Diane Levesque Headshot Bolton
INTERVIEW WITH THE ARTIST
GALLERY OF WORK
VISIT THE ARTIST’S WEBSITE

Diane Levesque, Kenosha

2014 RAM Artist Fellowship Award Recipient

Diane Levesque earned her BA at State University of New York (SUNY) at Plattsburgh and her MFA in Painting at the University of Chicago. After graduating, she established a studio in Chicago and exhibited at Artemisia, Hokin Kauffman Gallery, NAME Gallery, Struve Gallery, The Art Institute of Chicago, and The Chicago Cultural Center. After moving to Kenosha, Levesque continued to exhibit her work at numerous locations, including the James Watrous Gallery, the Madison Museum of Contemporary Art, Rockford Art Museum, and RAM’s Wustum Museum of Fine Arts.

She has received several grants for her work including an Illinois Arts Council Grant (1987), the Gradiva Award from the National Association for the Advancement of Psychoanalysis in recognition of the psychologically based imagery in her work (1999), and a Wisconsin Arts Board Fellowship Grant (2000).  At Carthage College, Levesque is an Assistant Professor of Art and is currently also serving as Director of the H.F. Johnson Gallery of Art.

Artist Statement

As far as stories go, I have always felt a connection to inanimate objects. Seeming to possess both magical and provocative powers, objects stir up an insatiable and repetitive desire to possess. As a child I watched my father, who practiced the strange art of taxidermy, transform dead animals into the facsimile of the living creatures they had once
been. Consequently, the narrative structure in my paintings has evolved through many stages. The objects I depict function as screens for psychological projection. The selection of each object follows the art of memory in which random things trigger associations to arise in the viewer’s mind.

The RAM Artist Fellowship exhibition features part of a body of work titled The Lonely Man Adventures. It begins with a portrait of my father—who passed away in 2013—and explores his identity beyond the archetype of the “father.” One of the objects in this painting is a plastic cup of Roy Rogers, whom my father greatly admired. While working on this painting I became fixated on the Roy Rogers figure as a symbol of “everyman” which I reconfigured into “the lonely man.” The Lonely Man Adventures evolved further into a larger questioning of our mortality, the need for self-awareness, and redemption in the presence of beauty.

Diane Levesque, Kenosha

2014 RAM Artist Fellowship Award Recipient
Diane Levesque Headshot Bolton
INTERVIEW WITH THE ARTIST
GALLERY OF WORK
VISIT THE ARTIST’S WEBSITE

Diane Levesque earned her BA at State University of New York (SUNY) at Plattsburgh and her MFA in Painting at the University of Chicago. After graduating, she established a studio in Chicago and exhibited at Artemisia, Hokin Kauffman Gallery, NAME Gallery, Struve Gallery, The Art Institute of Chicago, and The Chicago Cultural Center. After moving to Kenosha, Levesque continued to exhibit her work at numerous locations, including the James Watrous Gallery, the Madison Museum of Contemporary Art, Rockford Art Museum, and RAM’s Wustum Museum of Fine Arts.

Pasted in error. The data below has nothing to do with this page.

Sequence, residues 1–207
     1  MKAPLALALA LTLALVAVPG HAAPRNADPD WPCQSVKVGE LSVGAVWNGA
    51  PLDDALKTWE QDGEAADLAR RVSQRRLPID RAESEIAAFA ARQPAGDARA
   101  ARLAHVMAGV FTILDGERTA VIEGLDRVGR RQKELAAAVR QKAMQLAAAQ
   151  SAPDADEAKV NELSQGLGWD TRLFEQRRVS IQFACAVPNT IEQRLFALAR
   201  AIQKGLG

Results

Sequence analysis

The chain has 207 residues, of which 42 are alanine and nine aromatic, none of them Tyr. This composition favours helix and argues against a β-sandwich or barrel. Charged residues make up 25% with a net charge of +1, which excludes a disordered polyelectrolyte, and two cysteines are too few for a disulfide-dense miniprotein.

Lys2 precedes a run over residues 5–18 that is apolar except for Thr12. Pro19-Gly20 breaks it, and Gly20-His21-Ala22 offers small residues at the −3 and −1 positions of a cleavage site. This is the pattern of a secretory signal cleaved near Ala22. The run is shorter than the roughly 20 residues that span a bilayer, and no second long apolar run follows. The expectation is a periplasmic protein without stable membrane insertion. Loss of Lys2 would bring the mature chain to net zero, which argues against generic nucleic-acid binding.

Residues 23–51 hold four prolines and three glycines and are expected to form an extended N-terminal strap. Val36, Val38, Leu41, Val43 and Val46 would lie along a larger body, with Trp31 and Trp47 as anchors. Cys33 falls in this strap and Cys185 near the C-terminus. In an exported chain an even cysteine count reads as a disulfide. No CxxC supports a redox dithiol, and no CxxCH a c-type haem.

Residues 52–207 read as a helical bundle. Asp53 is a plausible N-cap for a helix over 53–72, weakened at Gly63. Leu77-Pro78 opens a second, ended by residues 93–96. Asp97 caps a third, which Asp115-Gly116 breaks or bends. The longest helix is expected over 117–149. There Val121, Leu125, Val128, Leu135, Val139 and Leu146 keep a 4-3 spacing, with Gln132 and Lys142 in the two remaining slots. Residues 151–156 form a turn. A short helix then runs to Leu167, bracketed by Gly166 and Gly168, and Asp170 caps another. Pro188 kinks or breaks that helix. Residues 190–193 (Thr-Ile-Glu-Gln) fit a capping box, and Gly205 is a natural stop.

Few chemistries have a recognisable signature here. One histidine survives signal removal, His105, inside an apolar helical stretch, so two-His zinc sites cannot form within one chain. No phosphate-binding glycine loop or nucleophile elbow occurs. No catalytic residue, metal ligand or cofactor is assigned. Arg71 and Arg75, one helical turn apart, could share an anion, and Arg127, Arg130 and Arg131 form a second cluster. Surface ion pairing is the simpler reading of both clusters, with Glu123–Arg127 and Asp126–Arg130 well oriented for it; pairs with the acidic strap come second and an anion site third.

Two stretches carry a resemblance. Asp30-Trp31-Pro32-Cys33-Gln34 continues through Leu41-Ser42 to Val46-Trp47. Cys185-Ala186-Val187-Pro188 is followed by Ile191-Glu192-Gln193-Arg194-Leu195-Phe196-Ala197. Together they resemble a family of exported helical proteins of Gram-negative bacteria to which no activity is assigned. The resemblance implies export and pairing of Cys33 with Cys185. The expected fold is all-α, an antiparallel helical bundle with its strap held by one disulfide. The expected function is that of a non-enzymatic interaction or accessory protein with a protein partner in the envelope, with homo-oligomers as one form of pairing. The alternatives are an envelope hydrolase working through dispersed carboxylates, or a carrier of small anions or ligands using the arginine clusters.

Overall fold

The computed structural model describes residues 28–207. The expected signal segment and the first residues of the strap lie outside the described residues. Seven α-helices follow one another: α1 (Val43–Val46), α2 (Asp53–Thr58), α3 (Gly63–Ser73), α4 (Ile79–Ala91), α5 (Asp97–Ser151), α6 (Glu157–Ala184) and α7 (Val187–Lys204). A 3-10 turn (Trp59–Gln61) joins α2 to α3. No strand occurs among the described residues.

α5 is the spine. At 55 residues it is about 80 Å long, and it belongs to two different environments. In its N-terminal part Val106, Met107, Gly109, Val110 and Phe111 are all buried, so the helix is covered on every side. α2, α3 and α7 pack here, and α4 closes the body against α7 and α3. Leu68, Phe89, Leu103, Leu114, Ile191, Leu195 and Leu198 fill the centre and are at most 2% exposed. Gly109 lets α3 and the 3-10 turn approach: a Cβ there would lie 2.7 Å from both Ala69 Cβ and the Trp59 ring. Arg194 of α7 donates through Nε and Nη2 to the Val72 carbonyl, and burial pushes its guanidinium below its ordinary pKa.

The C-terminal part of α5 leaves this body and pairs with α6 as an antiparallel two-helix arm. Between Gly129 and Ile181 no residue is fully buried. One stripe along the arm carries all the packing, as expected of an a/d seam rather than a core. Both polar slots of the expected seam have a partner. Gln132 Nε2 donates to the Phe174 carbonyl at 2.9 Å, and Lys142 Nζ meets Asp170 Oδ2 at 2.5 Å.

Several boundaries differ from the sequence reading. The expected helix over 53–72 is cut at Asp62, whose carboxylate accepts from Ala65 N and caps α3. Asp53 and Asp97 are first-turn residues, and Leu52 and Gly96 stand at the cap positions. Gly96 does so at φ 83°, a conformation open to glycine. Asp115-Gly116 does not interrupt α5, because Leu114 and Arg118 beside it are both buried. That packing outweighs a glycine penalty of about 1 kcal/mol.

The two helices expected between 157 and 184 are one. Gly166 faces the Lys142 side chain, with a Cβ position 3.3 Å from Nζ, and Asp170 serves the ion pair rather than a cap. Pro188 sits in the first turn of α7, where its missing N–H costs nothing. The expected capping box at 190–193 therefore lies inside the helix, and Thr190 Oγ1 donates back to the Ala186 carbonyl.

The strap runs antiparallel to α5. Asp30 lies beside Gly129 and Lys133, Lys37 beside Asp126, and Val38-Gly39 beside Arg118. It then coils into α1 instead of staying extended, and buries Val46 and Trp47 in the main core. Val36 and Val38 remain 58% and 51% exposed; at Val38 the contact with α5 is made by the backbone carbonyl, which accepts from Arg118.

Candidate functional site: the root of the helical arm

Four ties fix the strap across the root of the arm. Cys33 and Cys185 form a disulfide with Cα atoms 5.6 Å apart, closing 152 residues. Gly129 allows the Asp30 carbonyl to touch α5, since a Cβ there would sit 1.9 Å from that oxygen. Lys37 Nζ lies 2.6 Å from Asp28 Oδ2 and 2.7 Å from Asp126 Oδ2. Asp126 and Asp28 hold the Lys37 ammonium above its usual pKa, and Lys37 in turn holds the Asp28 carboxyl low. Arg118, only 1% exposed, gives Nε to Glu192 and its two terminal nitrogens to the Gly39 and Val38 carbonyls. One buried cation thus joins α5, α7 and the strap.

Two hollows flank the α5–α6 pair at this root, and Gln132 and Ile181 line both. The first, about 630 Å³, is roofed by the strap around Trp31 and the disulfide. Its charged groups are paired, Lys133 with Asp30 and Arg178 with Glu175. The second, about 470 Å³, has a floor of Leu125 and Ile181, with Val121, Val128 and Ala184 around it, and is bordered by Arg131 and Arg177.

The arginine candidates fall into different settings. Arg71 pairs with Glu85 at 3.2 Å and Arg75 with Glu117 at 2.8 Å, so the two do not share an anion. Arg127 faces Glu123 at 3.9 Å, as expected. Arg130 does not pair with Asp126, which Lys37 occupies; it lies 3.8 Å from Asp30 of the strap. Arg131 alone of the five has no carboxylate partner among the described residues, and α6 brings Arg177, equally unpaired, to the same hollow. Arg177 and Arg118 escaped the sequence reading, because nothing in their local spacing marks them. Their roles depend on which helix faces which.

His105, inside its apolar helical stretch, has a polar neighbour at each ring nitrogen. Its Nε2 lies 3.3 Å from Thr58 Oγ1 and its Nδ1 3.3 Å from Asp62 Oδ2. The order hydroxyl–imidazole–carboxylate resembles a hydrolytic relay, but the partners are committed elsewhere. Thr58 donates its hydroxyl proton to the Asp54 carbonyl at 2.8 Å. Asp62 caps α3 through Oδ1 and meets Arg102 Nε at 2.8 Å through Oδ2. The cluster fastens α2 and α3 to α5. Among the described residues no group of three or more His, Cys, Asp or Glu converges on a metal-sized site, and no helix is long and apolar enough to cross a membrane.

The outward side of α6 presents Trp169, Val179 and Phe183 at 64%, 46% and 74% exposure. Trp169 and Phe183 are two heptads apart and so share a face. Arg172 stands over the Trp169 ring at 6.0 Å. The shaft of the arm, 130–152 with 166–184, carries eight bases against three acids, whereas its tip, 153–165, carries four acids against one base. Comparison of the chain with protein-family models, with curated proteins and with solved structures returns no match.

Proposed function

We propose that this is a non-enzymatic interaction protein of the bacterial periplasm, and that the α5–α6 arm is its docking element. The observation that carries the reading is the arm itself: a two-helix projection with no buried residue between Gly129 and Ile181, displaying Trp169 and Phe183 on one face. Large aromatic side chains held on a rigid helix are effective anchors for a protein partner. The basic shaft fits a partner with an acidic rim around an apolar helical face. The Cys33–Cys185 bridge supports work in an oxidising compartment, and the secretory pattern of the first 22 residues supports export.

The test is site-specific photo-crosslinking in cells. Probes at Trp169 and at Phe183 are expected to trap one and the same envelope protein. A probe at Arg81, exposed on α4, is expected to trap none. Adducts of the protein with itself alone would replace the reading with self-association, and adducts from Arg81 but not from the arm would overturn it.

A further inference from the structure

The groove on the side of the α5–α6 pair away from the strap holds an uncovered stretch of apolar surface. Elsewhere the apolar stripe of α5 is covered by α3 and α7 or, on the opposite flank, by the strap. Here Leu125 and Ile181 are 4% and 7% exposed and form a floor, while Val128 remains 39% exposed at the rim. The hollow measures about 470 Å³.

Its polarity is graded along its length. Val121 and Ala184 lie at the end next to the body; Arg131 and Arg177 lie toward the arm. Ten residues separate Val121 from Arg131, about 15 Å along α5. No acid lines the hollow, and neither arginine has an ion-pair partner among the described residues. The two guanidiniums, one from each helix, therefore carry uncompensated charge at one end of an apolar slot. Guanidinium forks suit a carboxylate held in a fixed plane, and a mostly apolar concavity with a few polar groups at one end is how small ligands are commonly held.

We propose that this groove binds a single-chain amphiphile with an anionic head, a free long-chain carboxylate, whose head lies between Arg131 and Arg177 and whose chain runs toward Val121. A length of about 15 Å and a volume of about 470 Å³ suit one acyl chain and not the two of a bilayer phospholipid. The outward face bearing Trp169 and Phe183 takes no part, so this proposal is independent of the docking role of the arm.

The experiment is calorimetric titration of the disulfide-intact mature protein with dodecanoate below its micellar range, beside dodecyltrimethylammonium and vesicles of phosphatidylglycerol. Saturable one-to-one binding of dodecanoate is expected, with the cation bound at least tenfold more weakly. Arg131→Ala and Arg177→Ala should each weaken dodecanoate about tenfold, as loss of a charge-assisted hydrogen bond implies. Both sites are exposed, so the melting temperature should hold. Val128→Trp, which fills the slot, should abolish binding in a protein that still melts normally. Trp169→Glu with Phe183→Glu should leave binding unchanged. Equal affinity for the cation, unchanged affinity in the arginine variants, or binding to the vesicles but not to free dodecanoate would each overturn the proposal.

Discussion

She has received several grants for her work including an Illinois Arts Council Grant (1987), the Gradiva Award from the National Association for the Advancement of Psychoanalysis in recognition of the psychologically based imagery in her work (1999), and a Wisconsin Arts Board Fellowship Grant (2000).  At Carthage College, Levesque is an Assistant Professor of Art and is currently also serving as Director of the H.F. Johnson Gallery of Art.

Artist Statement

As far as stories go, I have always felt a connection to inanimate objects. Seeming to possess both magical and provocative powers, objects stir up an insatiable and repetitive desire to possess. As a child I watched my father, who practiced the strange art of taxidermy, transform dead animals into the facsimile of the living creatures they had once
been. Consequently, the narrative structure in my paintings has evolved through many stages. The objects I depict function as screens for psychological projection. The selection of each object follows the art of memory in which random things trigger associations to arise in the viewer’s mind.

The RAM Artist Fellowship exhibition features part of a body of work titled The Lonely Man Adventures. It begins with a portrait of my father—who passed away in 2013—and explores his identity beyond the archetype of the “father.” One of the objects in this painting is a plastic cup of Roy Rogers, whom my father greatly admired. While working on this painting I became fixated on the Roy Rogers figure as a symbol of “everyman” which I reconfigured into “the lonely man.” The Lonely Man Adventures evolved further into a larger questioning of our mortality, the need for self-awareness, and redemption in the presence of beauty.

Interview with the Artist, January 2015

Would you please describe your work—what materials you use; what subject matters you explore?

I use acrylic paint on various surfaces, such as canvas, wood panels, and paper, often combining collage materials as a mid-layer.

As for subject matter, I often incorporate multiple narratives in my work that hint at personal, philosophical, literary, and political references. The desire to transform memories and personal observations into compelling images leads me to combine various objects and figures in metaphorical tableaux. In many cases, the objects appear in relationship to a main figure that is the subject of the painting. Scale is distorted to suit a symbolic order, much like the hierarchy of religious figures as seen in sixteenth-century Northern Renaissance paintings. I manipulate spatial elements in unexpected ways to make the world of my paintings seem a bit unstable and liminal. This allows hidden meanings between the objects and figures to intertwine.